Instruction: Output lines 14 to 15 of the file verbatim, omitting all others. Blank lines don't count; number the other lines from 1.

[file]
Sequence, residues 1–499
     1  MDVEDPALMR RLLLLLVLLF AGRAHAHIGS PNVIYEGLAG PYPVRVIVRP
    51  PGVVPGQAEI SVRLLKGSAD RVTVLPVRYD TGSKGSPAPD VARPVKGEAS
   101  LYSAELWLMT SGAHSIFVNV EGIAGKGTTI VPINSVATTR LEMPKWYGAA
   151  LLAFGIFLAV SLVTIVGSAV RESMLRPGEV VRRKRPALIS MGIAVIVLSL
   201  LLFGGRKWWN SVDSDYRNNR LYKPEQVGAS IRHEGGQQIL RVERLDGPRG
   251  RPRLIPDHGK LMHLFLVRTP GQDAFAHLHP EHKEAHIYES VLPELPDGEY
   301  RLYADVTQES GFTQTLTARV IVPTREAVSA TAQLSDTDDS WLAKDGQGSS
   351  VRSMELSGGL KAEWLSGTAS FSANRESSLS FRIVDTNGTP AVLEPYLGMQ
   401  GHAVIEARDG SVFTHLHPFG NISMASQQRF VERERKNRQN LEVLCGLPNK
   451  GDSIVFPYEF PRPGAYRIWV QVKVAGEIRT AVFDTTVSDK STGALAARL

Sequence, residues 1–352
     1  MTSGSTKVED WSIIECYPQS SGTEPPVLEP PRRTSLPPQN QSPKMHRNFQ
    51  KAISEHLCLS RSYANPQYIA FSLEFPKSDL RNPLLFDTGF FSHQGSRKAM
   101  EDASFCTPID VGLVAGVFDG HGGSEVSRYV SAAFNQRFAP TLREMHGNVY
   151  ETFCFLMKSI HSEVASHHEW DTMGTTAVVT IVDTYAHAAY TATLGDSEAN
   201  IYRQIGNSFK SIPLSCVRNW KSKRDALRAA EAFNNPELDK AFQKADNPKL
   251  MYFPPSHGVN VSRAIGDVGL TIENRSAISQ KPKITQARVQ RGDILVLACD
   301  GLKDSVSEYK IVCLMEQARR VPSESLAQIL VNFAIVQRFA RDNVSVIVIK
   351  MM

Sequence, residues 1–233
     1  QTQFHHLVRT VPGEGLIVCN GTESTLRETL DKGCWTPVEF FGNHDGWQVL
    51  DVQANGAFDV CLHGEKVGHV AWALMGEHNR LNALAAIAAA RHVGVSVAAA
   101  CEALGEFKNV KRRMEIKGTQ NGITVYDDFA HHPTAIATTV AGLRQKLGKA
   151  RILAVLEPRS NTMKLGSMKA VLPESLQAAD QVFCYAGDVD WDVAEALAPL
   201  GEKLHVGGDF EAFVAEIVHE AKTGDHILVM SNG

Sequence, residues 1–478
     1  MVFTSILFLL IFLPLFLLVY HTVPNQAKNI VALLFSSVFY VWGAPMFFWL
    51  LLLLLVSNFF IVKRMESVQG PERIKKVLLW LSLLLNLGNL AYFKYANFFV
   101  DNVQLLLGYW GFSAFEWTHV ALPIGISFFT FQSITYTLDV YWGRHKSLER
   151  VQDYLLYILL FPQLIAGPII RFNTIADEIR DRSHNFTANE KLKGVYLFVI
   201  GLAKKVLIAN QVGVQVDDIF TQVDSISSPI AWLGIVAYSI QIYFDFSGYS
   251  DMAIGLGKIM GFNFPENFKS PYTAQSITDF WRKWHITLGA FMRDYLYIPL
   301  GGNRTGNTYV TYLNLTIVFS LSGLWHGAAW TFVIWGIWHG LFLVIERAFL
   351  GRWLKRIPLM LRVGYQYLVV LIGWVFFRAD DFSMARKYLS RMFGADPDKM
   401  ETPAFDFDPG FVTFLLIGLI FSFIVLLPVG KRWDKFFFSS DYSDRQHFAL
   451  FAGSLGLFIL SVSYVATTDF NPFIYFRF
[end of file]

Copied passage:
    51  KAISEHLCLS RSYANPQYIA FSLEFPKSDL RNPLLFDTGF FSHQGSRKAM
   101  EDASFCTPID VGLVAGVFDG HGGSEVSRYV SAAFNQRFAP TLREMHGNVY